I apologize in advance for this rather “wonkish” post, which is aimed chiefly at the high frequency fraternity, or those at least who trade intra-day, in the equity markets. Such minutiae are the lot of those engaged in high frequency trading. I promise that my next post will be of more general interest.
The pre-market session in US equities runs from 8:00 AM ET, while the post-market session runs until 8:00 PM ET. The question arises whether these sessions are worth trading, or at the very least, offer a source of data (quotes, trades) that might be relevant to trading the regular session, which of course runs from 9:30 AM to 4:00 PM ET. Even if liquidity is thin and trades infrequent, and opportunities in the pre- and post-market very limited, it might be that we can improve our trading models by taking into account such information as these sessions do provide, even if we only ever plan to trade during regular trading hours.
It is somewhat challenging to discuss this in great detail, because HFT equity trading is very much in the core competencies of my firm, Systematic Strategies. However, I hope to offer some ideas, at least, that some readers may find useful.
In what follows I am going to make use of two examples from the pharmaceutical industry: Alexion Pharmaceuticals, Inc. (ALXN), which has a market cap of $35Bn and trades around 800,000 shares daily, and Pfizer Inc. (PFE), which has a market cap of over $200Bn and trades close to 50M shares a day.
Let’s start by looking at a system trading ALXN during regular market hours. The system isn’t high frequency, but trades around 1-2 times a day, on average. The strategy equity curve from 2015 to April 2016 is not at all impressive.
ALXN – Regular Session Only
But look at the equity curve for the same strategy when we allow it to run on the pre- and post-market sessions, in addition to regular trading hours. Clearly the change in the trading hours utilized by the strategy has made a huge improvement in the total gain and risk-adjusted returns.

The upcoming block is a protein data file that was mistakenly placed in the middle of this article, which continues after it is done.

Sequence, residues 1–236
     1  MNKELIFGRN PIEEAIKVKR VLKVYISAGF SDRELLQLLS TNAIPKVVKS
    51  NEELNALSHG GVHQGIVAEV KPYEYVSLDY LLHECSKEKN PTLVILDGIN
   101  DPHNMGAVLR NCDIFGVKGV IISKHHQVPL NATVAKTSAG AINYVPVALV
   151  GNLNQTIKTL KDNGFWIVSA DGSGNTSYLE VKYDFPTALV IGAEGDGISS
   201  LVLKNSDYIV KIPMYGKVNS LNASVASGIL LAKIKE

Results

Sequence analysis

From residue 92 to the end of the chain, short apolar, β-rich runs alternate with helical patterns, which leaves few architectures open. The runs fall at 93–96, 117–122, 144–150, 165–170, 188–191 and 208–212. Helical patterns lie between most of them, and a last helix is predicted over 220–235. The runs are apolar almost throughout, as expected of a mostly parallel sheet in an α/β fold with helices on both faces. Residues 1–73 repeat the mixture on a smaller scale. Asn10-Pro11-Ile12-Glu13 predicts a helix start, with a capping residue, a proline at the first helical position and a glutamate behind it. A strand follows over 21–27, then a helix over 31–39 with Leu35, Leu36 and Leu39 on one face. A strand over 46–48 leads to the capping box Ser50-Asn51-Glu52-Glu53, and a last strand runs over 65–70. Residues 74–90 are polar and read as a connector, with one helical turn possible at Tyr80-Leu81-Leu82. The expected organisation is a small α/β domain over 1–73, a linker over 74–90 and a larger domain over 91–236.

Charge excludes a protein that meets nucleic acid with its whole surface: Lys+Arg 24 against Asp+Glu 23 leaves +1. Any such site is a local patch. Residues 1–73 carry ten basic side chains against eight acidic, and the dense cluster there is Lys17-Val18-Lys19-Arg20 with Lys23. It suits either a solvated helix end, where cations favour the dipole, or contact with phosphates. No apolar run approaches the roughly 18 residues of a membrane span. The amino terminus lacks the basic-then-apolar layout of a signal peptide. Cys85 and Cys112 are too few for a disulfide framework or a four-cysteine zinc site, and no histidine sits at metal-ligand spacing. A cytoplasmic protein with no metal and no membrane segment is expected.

ALXN – with Pre- and Post-Market Sessions
The PFE system trades much more frequently, around 4 times a day, but the story is somewhat similar in terms of how including the pre- and post-market sessions appears to improve its performance.
PFE – Regular Session Only
PFE – with Pre- and Post-Market Sessions
In both cases, clearly, the trading performance of the strategies has improved significantly with the inclusion of the out-of-hours sessions. In the case of ALXN, we see a modest increase of around 10% in the total number of trades, but in the case of PFE the increase in trading activity is much more marked – around 30%, or more.
The first important question to ask is when these additional trades are occurring. Assuming that most of them take place during the pre- or post-market, our concern might be whether there is likely to be sufficient liquidity to facilitate trades of the frequency and size we wish to execute. Of various possible hypotheses, some negative, other positive, we might consider the following:
(a) Bad ticks in the market data feed during out-of-hours sessions give rise to apparently highly profitable “phantom” trades
(b) The market data is valid, but the trades are done in such low volume as to be insignificant for practical purposes (i.e. trades were done for a few hundred lots and additional liquidity is unlikely to be available)
(c) Out-of-hours sessions enable the system to improve profitability by entering or exiting positions in a more timely manner than by trading the regular session alone